Daily Express - - WEEKEND FILMS - 84 CHar­iNG CrOSS rOad

Rich­mond The­atre un­til June 16 then tour­ing un­til June 30. Tick­ets: US WRITER Helene Hanff and Bri­tish book­seller Frank Doel had what might be termed a “spe­cial re­la­tion­ship”. For two decades from 1949, New Yorker Hanff or­dered ob­scure sec­ond­hand books from Doel’s musty, dusty book­shop, send­ing cash as well as the oc­ca­sional food par­cel to him and his staff who were still sub­ject to ra­tioning.

The play that de­rived from her book of the same ti­tle is a por­trait of an­other era and one that will be ut­terly alien to fu­ture gen­er­a­tions, if not the cur­rent one.

We live in the age of so­cial me­dia, digital bank­ing, smart­phones and Kin­dles, mean­ing man­ual type­writ­ers, books and even cash are all be­com­ing his­tor­i­cal arte­facts, soon to be­long in a mu­seum rather than what we laugh­ingly re­fer to as the “real world”.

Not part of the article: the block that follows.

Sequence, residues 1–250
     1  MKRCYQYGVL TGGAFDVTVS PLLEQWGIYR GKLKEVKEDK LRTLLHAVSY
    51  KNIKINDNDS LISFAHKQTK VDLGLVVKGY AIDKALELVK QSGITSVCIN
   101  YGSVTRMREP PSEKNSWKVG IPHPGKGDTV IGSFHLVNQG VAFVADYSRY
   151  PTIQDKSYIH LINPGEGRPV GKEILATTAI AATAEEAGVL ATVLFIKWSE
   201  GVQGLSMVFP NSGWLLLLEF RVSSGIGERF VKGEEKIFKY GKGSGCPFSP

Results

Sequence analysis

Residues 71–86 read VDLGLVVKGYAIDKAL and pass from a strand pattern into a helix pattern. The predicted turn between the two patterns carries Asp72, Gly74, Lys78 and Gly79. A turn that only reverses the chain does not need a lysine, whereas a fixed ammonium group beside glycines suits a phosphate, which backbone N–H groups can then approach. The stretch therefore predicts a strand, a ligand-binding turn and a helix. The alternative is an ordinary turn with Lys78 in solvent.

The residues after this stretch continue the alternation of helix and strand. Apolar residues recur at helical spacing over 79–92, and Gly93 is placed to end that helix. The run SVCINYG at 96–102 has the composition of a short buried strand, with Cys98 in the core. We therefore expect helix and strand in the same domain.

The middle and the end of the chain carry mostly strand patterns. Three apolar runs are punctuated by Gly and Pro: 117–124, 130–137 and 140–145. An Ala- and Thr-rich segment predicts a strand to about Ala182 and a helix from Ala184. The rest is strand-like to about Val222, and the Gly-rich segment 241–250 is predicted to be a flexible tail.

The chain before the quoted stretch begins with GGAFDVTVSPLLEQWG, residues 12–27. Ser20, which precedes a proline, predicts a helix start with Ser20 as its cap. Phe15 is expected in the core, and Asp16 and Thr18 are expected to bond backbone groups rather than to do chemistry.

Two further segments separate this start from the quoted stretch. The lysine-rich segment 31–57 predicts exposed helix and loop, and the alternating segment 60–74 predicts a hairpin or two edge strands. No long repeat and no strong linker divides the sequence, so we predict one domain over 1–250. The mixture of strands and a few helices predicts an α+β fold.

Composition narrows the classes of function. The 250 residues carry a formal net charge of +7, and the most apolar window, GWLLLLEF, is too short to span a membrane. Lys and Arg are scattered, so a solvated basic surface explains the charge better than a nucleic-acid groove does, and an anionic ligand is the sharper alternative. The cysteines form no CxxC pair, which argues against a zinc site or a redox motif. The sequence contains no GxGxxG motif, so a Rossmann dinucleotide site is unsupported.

The let­ters that fly back and forth across the At­lantic be­tween Hanff and Doel, as well as some of his staff, are not par­tic­u­larly dra­matic. But they are preg­nant with char­ac­ter, so­cial de­tail and the sense of an evolv­ing re­la­tion­ship, bonded by books.

Ste­fanie Pow­ers, best known for Hart To Hart and The Girl From U.N.C.L.E, is quirk­ily en­gag­ing as Hanff, a free­lance writer and po­ten­tial ago­ra­pho­bic. Clive Fran­cis strikes just the right note of but­toned-up be­nig­nity as Doel, slowly un­furl­ing like a flower un­der Hanff’s teas­ings, ca­jol­ings and in­ter­ro­ga­tions.

Most of the stage is dom­i­nated by the book­shop Marks & Co, while Hanff’s tiny apart­ment oc­cu­pies a quar­ter of the space. The gulf be­tween them is sug­gested by a whoosh­ing sound as let­ters fly across the sea by air­mail. No doubt some will find this re­lent­lessly old-fash­ioned but that is the point now that we

STAR TURNS: Ste­fanie Pow­ers as Helene Hanff in 84 Char­ing Cross Road, left, and Laura Lin­ney in My Name Is Lucy Bar­ton, right

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